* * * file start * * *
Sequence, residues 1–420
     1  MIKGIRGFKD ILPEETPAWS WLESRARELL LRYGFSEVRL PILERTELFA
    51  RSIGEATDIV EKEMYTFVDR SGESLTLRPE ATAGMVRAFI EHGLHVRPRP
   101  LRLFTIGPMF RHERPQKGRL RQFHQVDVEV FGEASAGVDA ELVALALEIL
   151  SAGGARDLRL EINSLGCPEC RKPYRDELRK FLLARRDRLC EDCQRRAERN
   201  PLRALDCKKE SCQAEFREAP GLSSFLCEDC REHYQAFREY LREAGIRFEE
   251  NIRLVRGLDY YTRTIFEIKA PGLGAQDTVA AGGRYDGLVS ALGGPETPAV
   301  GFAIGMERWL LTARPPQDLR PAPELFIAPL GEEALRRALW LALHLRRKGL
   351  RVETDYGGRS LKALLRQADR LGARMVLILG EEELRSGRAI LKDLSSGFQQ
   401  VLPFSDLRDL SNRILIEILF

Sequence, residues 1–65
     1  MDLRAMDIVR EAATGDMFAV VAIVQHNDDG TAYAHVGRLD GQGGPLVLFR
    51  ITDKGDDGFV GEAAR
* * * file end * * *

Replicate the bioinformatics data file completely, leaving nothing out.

Sequence, residues 1–420
     1  MIKGIRGFKD ILPEETPAWS WLESRARELL LRYGFSEVRL PILERTELFA
    51  RSIGEATDIV EKEMYTFVDR SGESLTLRPE ATAGMVRAFI EHGLHVRPRP
   101  LRLFTIGPMF RHERPQKGRL RQFHQVDVEV FGEASAGVDA ELVALALEIL
   151  SAGGARDLRL EINSLGCPEC RKPYRDELRK FLLARRDRLC EDCQRRAERN
   201  PLRALDCKKE SCQAEFREAP GLSSFLCEDC REHYQAFREY LREAGIRFEE
   251  NIRLVRGLDY YTRTIFEIKA PGLGAQDTVA AGGRYDGLVS ALGGPETPAV
   301  GFAIGMERWL LTARPPQDLR PAPELFIAPL GEEALRRALW LALHLRRKGL
   351  RVETDYGGRS LKALLRQADR LGARMVLILG EEELRSGRAI LKDLSSGFQQ
   401  VLPFSDLRDL SNRILIEILF

Sequence, residues 1–65
     1  MDLRAMDIVR EAATGDMFAV VAIVQHNDDG TAYAHVGRLD GQGGPLVLFR
    51  ITDKGDDGFV GEAAR